Despite availability and dissemination of guidelines for diagnosis and management of dementia, gaps between recommended and current practice still exist [1420]. For example, a study of dementia care in the US found that concordance with a number of dementia care process measures (drawn from guideline recommendations) ranged from 9% to 79%, with concordance for 11 of these processes being less than 40% [15]. Formal cognitive assessment may not be conducted in as many as 30% to 50% of cases [15, 18]. Similar findings have been reported in relation to assessment for co-morbid depression in patients being evaluated for dementia [15, 16, 18]. Data from Australian studies suggests that formal cognitive testing is not conducted to the extent recommended [14, 20].

A systematic review of barriers to physicians’ use of guidelines has identified a number of factors that may influence uptake, including lack of awareness or familiarity with guidelines, lack of agreement, lack of self-efficacy, lack of outcome expectancy, the inertia of previous practice, and external barriers to guideline use [21]. A systematic review specifically focussing on barriers to recommended diagnosis and management of dementia in primary care has also identified several influences on primary care practitioners’ practice [22]. These include lack of support, time constraints, financial constraints, stigma associated with diagnosis, diagnostic uncertainty, insufficient knowledge or experience, and difficulties disclosing the diagnosis. While these go some way to explaining the practice gap, none of the studies used theory to investigate the causes of implementation difficulties. Use of theory has been advocated to facilitate a comprehensive assessment of mediators of behaviour change for designing interventions that are most likely to bring about behaviour change [23, 24]. Additionally, few studies in the systematic review explored the causes of implementation difficulties specifically in relation to individual recommendations described in behavioural terms (i.e., who needs to do what, how and where); this may have limited the accuracy and/or specificity of the barriers identified.

Theory provides an explicit statement of the structural and psychological processes that are hypothesised to influence behaviour and, as such, is useful for investigating implementation difficulties, informing the design of practice change interventions and contributing to the evidence base on which to select interventions [2325]. Theory can provide information about the mechanisms involved in clinician behaviour change, and these mechanisms can be systematically investigated and targeted with behaviour change techniques and components to bring about change. If assessments of implementation difficulties are not undertaken within a theoretical approach, then the resulting interventions are likely to be limited to pragmatic rather than generalisable solutions, and opportunities to investigate the mediating pathways of behaviour change and optimise interventions will be limited [26].

Many theories are available to guide the assessment of implementation difficulties and for understanding behaviour and behaviour change [27]. In an effort to make theory more accessible to those interested in implementation and behaviour change, the Theoretical Domains Framework (TDF) was developed by a team of psychology theorists in collaboration with implementation researchers. The TDF represents an integrated theoretical framework of a number of domains and theoretical constructs synthesised from 33 theories and 128 constructs, which can be used to identify theoretical explanations for implementation difficulties and to inform the design of implementation interventions [28]. The TDF includes 12 theoretical domains: ‘Knowledge’, ’Skills’, ‘Social/professional role and identity’, ‘Beliefs about capabilities’, ‘Beliefs about consequences’, ‘Motivation and goals’, ‘Memory, attention and decision processes’, ‘Environmental context and resources’, ‘Social influences’, ‘Emotion’, ‘Behavioural regulation’ and ‘Nature of the behaviours.’ Since this study was completed, the TDF has been independently validated to confirm the optimal domain structure, content and labels of the framework [29]. To date, a number of empirical studies have used the TDF to explore implementation problems in different clinical areas [30], including low back pain [26, 3133], hand hygiene [34, 35], blood transfusion [36, 37], medication prescribing [38], and schizophrenia [39] but not dementia.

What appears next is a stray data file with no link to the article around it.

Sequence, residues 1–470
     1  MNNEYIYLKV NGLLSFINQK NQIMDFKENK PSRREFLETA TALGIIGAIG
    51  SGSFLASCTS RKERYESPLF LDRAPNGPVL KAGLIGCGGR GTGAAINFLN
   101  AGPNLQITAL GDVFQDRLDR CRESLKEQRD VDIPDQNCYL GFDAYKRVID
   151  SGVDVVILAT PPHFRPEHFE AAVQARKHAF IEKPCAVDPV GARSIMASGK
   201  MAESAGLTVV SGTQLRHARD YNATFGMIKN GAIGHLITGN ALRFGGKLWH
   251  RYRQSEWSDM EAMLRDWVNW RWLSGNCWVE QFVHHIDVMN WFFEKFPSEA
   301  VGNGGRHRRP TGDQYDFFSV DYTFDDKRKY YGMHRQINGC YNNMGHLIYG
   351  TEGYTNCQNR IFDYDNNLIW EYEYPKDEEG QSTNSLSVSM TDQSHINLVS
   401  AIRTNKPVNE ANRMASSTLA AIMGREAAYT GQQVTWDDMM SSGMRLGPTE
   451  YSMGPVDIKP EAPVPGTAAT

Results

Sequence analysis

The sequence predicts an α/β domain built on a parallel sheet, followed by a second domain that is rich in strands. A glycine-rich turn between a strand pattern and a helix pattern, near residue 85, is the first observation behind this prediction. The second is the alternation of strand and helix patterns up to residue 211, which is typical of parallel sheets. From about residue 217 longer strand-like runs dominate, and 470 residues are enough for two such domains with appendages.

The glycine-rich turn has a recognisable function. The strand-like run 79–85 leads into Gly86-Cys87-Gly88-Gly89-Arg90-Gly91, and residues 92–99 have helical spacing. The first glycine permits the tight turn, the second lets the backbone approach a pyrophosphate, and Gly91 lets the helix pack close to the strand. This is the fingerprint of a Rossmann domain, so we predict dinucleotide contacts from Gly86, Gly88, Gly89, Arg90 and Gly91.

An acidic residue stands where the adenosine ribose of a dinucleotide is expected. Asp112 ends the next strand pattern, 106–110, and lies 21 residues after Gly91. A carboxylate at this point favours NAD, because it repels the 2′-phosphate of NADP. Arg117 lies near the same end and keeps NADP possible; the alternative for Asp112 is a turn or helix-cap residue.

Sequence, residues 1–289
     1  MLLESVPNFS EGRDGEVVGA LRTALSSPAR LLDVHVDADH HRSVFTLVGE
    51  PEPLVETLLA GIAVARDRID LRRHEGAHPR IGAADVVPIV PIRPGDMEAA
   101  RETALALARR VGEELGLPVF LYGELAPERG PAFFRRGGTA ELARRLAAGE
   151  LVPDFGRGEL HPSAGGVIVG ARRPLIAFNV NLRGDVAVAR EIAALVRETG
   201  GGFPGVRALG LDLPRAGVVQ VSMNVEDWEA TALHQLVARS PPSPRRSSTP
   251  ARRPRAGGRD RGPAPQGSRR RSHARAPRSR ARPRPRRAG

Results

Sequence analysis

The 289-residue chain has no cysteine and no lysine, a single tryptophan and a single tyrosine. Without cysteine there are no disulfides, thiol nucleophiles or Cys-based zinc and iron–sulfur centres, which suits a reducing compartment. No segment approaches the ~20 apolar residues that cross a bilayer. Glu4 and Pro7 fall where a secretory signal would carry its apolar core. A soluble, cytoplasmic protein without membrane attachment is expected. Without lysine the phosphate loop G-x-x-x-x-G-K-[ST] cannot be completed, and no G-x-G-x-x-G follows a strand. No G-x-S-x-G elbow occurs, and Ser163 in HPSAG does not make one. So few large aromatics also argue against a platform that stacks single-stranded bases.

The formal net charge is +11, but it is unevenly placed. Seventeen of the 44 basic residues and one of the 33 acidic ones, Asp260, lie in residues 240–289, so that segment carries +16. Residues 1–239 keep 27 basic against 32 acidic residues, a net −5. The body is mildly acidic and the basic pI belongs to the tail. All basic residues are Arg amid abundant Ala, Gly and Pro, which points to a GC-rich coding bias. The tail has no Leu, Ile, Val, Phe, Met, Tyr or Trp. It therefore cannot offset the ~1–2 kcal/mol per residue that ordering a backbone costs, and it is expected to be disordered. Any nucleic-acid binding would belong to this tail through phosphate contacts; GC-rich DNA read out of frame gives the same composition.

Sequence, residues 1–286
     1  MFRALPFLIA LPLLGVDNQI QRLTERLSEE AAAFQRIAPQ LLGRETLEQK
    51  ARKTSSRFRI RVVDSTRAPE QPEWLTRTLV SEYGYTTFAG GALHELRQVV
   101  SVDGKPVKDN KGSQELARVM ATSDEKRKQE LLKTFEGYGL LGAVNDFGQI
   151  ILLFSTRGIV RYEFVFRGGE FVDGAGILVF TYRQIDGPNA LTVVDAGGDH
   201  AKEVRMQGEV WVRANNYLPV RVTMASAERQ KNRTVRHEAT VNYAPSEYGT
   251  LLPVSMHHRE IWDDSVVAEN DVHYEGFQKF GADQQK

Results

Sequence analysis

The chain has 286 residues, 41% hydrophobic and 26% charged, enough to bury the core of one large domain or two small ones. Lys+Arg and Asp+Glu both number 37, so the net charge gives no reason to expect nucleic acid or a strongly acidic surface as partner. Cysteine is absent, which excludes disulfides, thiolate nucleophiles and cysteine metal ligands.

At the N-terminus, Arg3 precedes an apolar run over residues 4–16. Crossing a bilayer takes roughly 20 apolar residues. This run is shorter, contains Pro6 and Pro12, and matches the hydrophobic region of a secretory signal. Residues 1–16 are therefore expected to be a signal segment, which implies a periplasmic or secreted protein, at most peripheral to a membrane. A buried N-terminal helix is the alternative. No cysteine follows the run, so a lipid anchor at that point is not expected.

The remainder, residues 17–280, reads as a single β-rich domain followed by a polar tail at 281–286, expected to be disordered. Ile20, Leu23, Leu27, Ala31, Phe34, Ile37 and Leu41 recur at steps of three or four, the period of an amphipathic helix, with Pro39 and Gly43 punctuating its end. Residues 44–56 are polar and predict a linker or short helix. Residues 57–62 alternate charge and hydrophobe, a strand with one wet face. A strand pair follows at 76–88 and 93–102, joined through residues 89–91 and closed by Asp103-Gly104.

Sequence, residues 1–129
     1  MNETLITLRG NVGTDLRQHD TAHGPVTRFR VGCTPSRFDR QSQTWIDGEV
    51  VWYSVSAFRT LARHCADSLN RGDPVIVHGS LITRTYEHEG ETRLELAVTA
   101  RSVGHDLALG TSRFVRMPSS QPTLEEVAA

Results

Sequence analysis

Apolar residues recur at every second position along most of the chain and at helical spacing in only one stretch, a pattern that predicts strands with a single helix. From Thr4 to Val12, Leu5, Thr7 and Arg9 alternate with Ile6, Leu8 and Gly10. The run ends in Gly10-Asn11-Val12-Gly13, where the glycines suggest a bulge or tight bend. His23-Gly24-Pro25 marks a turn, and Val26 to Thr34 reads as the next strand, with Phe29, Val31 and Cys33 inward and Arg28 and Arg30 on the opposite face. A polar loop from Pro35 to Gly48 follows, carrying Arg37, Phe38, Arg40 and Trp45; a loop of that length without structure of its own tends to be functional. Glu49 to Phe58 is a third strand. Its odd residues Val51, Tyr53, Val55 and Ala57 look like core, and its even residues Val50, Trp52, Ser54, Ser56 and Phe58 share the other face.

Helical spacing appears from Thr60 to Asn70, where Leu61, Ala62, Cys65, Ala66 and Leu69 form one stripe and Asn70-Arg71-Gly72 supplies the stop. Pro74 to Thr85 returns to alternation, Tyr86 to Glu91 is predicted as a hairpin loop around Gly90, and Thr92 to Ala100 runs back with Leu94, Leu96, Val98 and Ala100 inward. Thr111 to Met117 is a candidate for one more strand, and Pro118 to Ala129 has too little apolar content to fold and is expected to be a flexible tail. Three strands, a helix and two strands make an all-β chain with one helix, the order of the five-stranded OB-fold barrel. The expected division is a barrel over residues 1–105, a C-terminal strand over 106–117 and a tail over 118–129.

The aim of this study was to use the TDF to explore GPs’ reported practice in relation to the diagnosis and management of dementia and to describe, in theoretical terms, the proposed explanations for practice that was and was not consistent with recommended guidance. The study is the first phase of a larger cluster randomised trial testing the effectiveness of a theory-informed intervention to increase GPs’ uptake of a dementia guideline in general practice, ‘Investigating Research Implementation Strategies for the care of older adults with suspected cognitive impairment’ (IRIS) [40]. This paper describes reported practices and theoretical explanations in relation to two key diagnostic recommendations of the SIGN guideline (with level B evidence) for which there are identified evidence-practice gaps [13]. These practices constitute primary targets for behaviour change in the IRIS intervention. The SIGN recommendations are: conducting a formal cognitive assessment using the MMSE in individuals with suspected cognitive impairment, and assessing for co-morbid depression using a validated tool. The results of the current qualitative study have been used to design the IRIS intervention by targeting the identified barriers and enablers with inclusion of relevant behaviour change techniques. A description of the development and content of the IRIS intervention and the subsequent cluster randomised trial findings will be reported separately.